People’s State of the City–Long Beach, California

15 Apr

12 April 2013

About 320 people from the community attended the second annual “People’s State of the City,” organized by the civic engagement committee of the Long Beach Coalition for Good Jobs and a Healthy Community, on Thursday, March 11 at the Grace United Methodist Church, where affordable housing, clean environment, good jobs, healthy and safe neighborhoods, immigrant rights and quality education were discussed.

Tonia Reyes Uranga, Christopher Covington and Liam Cheun from Khmer Girls in Action presented the state of Long Beach. Uranga, who is the executive director of the Miguel Contreras Foundation and a former councilwoman, described some of the city’s issues. She said her presentation was not to criticize, but to inform, educate, inspire and motivate people to organize and to act. Long Beach residents in poverty are 25 percent of the population. One out of two children lives in poverty. Uranga said, “The fact is as union membership increases so does family income. Ask the hotel workers union.” She then addressed the other issues of affordable housing, higher mortality rates in the poorer areas, environmental pollution, especially on the Westside, school truancy, teen pregnancy, and immigration.

Cheun focused her remarks on the lower voting rates among the poorer area in the city, but she pointed out the rates increased when Proposition N (Living Wage Ordinance) was on the ballot because of the proposition’s relevancy to the voters.

Covington from BHC: LB Youth Committee described the demographics. Long Beach is the seventh largest city in California with a population of almost 500,000. Women are 51 percent of the population. People under 18 are 25 percent. The latest census shows the highest density of African-Americans is downtown and toward the north; whites are about 30 percent of the population and are concentrated in the Third, Fourth and Fifth Districts on the eastside and toward Belmont Shore; Latinos are 41 percent of the population and are significant in all the districts, with higher densities in the western half of the city, which are the First, Fifth, Seventh and Ninth Districts; Asian, Pacific Islander, Native American and Indigenous communities are 13 percent of the population with concentrations in the Fourth, Seventh, Eighth and Ninth Districts.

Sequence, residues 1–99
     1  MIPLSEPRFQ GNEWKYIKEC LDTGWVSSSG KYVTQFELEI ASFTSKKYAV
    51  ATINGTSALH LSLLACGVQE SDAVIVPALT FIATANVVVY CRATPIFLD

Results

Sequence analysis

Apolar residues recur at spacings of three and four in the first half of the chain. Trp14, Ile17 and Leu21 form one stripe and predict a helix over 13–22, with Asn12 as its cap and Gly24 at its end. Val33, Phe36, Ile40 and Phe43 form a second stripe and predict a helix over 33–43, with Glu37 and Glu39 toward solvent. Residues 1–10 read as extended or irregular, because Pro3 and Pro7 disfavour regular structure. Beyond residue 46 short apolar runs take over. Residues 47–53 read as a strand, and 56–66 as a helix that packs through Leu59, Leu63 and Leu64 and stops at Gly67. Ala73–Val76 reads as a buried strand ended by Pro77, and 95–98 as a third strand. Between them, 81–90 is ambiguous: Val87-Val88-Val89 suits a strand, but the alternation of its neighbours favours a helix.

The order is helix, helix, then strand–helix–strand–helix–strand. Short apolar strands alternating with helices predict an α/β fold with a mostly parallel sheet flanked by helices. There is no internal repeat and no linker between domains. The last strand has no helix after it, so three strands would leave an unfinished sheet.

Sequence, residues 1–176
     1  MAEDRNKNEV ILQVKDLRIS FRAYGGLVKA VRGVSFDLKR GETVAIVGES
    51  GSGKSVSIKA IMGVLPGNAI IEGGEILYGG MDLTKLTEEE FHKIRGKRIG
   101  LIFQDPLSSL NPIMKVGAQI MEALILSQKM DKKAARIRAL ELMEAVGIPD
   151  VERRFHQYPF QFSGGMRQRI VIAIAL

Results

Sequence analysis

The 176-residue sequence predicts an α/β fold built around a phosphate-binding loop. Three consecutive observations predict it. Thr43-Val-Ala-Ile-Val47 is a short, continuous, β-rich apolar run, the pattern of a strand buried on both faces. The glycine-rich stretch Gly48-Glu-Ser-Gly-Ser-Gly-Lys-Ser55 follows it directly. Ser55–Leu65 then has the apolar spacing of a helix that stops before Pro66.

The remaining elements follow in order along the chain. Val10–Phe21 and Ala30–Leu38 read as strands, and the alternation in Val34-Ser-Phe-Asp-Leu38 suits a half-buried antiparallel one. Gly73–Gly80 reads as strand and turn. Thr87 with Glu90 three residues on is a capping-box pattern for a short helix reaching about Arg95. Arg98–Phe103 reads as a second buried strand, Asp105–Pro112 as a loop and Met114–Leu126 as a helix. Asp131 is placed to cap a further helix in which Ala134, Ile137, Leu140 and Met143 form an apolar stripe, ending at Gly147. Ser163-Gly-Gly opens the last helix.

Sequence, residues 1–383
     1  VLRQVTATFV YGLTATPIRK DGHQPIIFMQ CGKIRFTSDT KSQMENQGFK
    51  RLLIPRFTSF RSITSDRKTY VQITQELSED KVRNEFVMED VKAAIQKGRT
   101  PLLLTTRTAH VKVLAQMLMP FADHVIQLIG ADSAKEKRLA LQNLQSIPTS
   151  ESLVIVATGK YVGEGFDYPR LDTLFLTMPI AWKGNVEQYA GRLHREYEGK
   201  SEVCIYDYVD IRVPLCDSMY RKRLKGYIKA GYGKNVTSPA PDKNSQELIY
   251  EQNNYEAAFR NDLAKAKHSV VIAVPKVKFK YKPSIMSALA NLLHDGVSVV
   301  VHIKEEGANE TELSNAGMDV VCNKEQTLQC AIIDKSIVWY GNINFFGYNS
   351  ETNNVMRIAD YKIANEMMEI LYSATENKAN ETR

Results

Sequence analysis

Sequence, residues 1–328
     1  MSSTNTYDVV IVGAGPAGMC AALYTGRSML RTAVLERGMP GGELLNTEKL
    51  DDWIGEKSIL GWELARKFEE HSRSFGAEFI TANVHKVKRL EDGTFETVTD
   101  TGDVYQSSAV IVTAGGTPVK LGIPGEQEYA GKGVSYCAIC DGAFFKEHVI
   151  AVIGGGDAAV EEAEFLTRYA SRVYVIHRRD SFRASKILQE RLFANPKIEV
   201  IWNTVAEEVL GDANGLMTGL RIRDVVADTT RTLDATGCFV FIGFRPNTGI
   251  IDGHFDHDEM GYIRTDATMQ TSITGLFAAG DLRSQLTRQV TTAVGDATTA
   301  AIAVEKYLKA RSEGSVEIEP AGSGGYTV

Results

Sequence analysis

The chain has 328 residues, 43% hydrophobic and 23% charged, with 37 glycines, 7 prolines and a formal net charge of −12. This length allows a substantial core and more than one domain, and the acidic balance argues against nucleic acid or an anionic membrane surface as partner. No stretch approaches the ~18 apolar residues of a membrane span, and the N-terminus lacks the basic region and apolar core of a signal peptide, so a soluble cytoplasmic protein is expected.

Indigenous Steward Aunty Xochitlmilko Portillo, in her welcome, in Tonga, English and Spanish, told a story, illustrating racist bulling, where a 30-year-old woman bus driver yelled, “Go back from where you came from!” at a 5-year-old immigrant, Spanish-speaking-only boy. Portillo, later asked, “What legacy do we want to leave our descendents seven generations from now? What do you want your descendents to say about you? What heritage are you going to leave your descendents?”

The church’s Pastor Nestor Gerente, who characterized himself as a first-generation Filipino immigrant, also welcomed the audience.

Also attending were city council members: Robert Garcia, Patrick O’Donnell, Gerrie Schipske, Al Austin and Steve Neal, and LBCC Board of Trustees: Roberto Uranga and Doug Otto.

Meanwhile during the resource mixer, Professor Julian Del Gaudio, who teaches history at Long Beach City College and who attended the first “People’s State of the City,” which he found enlightening, said, “This is where we need to look to see what needs to be done to improve the quality of life in this city because the perspective is not from the top down, which is the mayor’s ‘State of the City.’ It’s from the bottom up.”

Ofelia Rivera, a community activist with the Long Beach Time Exchange, said that it was an important event to attend because it provided an opportunity for community members to find out about resources and to network with others.
Tina Lopez, a member of Military Families Speak Out, agreed with Rivera that it was an opportunity for community members to network with each other.

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